Chain drug retailers Rite Aid Corp. and Walgreen Co. have kicked off heart health initiatives in recognition of American Heart Month in February.


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Retail News Breaks Archives

Drug chains zero in on heart health

February 1st, 2012

NEW YORK – Chain drug retailers Rite Aid Corp. and Walgreen Co. have kicked off heart health initiatives in recognition of American Heart Month in February.

Rite Aid said Wednesday that it has launched a two-month campaign that gives customers access to free heart health resources including "Take Heart" health guides, blood pressure screenings, and online tools and assessments at www.riteaid.com/heart.

Also, Rite Aid drug stores nationwide will hold in-store fund-raisers during February to benefit the American Heart Association's "Go Red For Women" movement.

"Rite Aid is a committed year-round advocate for our customers' overall health and wellness. During American Heart Month, this commitment includes access to specially designed in-store and online heart health resources, including our greatest asset, the neighborhood Rite Aid pharmacist," John Learish, senior vice president of marketing at Rite Aid, said in a statement. "Rite Aid further underscores this commitment by having all of our stores once again support and promote the American Heart Association's highly popular Go Red For Women movement, which is designed to empower women to take charge of their heart health.”

In stores through Feb. 29, Rite Aid customers can buy a paper red dress for $1 to donate to the program. The dress can be signed, dedicated and pinned up on store walls to help promote awareness of women and heart disease. Each purchased paper dress comes with coupons good for more than $9 off of aspirin, batteries, digital photo prints and other products.

Customers are also encouraged to ask their Rite Aid pharmacist about a free blood pressure reading and other key heart health numbers. Rite Aid pharmacists can provide their expertise, counseling patients on their personal goals for blood pressure, cholesterol, body mass index (BMI), waist circumference and blood glucose. Members of Rite Aid's wellness+ customer rewards program can also qualify for cholesterol and blood glucose readings with the accumulation of 500 wellness points, which are awarded for many front-of-the-store and pharmacy purchases.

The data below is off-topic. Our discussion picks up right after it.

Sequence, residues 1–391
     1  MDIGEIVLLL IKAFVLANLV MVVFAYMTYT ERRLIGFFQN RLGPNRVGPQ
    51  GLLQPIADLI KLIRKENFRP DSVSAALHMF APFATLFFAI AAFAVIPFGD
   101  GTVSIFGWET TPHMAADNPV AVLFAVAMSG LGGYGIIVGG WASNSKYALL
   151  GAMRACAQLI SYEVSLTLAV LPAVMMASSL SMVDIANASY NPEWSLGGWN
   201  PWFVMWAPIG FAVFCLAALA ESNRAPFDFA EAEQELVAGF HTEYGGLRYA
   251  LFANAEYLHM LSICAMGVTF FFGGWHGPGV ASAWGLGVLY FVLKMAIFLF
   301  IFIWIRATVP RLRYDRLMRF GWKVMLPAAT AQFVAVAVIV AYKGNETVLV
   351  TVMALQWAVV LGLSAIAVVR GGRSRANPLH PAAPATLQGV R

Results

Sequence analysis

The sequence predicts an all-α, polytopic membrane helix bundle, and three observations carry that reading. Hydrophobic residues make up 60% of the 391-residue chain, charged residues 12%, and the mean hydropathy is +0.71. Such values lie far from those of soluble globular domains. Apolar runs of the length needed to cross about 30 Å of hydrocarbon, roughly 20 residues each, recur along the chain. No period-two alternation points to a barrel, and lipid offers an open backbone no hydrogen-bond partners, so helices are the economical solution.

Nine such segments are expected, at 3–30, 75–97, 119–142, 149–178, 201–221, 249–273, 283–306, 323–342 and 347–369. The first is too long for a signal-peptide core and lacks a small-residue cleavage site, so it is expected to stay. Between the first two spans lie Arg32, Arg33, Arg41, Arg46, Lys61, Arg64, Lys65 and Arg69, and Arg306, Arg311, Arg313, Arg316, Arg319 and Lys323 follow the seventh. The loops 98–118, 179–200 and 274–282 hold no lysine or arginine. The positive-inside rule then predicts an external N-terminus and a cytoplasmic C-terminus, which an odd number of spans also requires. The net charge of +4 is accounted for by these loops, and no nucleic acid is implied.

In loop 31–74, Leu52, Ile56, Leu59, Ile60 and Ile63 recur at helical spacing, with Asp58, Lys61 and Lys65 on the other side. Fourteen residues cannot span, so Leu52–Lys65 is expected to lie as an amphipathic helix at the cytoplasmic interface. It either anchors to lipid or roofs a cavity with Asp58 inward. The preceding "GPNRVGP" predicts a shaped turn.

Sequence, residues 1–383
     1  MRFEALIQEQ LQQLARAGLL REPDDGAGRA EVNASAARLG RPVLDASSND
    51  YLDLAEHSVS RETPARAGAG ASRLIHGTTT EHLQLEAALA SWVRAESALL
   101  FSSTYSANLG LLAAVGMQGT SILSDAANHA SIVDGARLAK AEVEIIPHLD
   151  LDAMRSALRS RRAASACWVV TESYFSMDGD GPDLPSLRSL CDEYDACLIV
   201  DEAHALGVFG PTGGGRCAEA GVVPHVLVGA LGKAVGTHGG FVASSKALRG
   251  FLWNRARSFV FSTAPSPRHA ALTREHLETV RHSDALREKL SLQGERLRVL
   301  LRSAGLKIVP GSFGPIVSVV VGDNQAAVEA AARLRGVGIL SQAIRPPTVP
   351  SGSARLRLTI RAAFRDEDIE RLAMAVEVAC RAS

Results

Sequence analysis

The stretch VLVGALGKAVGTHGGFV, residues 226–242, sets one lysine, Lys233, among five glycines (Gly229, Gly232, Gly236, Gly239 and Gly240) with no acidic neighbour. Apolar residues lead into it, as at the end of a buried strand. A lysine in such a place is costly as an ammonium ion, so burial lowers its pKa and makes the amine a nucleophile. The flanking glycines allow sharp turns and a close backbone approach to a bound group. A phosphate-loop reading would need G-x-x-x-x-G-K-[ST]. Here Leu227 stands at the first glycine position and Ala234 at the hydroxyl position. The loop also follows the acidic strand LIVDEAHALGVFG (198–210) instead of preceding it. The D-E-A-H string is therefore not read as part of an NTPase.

Throughout the two-month, awareness-building campaign, customers also can stop by any pharmacy or cash register to pick up the free, 12-page "Take Heart" health guide, which contains such information as risk factors for heart disease, food choices for a more heart-healthy diet, and different types of fat and cholesterol.

Guides are online as well at www.riteaid.com/heart, which also offers additional resources including calculators and references tools for BMI and other key heart health numbers; the opportunity to develop a personal Aaction plan from the American Heart Association; simple steps from the American Heart Association to reduce the risk of developing heart disease; and information on wellness+ for diabetes, a free program offering exclusive diabetes resources and savings for people with diabetes and their caregivers.

Meanwhile, Walgreens on Wednesday said that during February is will offer free blood pressure testing daily at all of its pharmacies and Take Care Clinics nationwide. The chain added that the effort is part of its Walgreens Way to Well Commitment initiative focused on promoting preventive health care.

Walgreens noted that over 76 million U.S. adults have high blood pressure, according to the American Heart Association, and that hypertension is a contributor to heart disease. The chain, as a result, is offering free testing to spur more people to "know their numbers."

"Hypertension can be managed or controlled through early detection, which is why it's so important for people to regularly have their blood pressure checked and monitored," stated Kermit Crawford, Walgreens' president of pharmacy, health and wellness. "Health tests are one of the many services our pharmacists and Take Care Clinic nurse practitioners and physician assistants offer while working to educate more people about simple, preventive steps to managing their health and helping them stay well."

As part of its Way to Well Commitment, Walgreens will donate $1 for each blood pressure test conducted in February to the American Heart Association, up to $100,000. Way to Well is a four-year, $100 million commitment to disease prevention and to improving everyday health via education and early detection of today's leading diseases: cancer, diabetes and heart disease.

The tests are not done for diagnostic or treatment purposes, Walgreens said, and people are advised to share their test results with their primary care doctor.

Walgreens added that it offered free blood pressure testing at all stores and Take Care Clinics last February and, during that time, more than 32,000 blood pressure tests were conducted and more than half of those people tested out of the desired range. 

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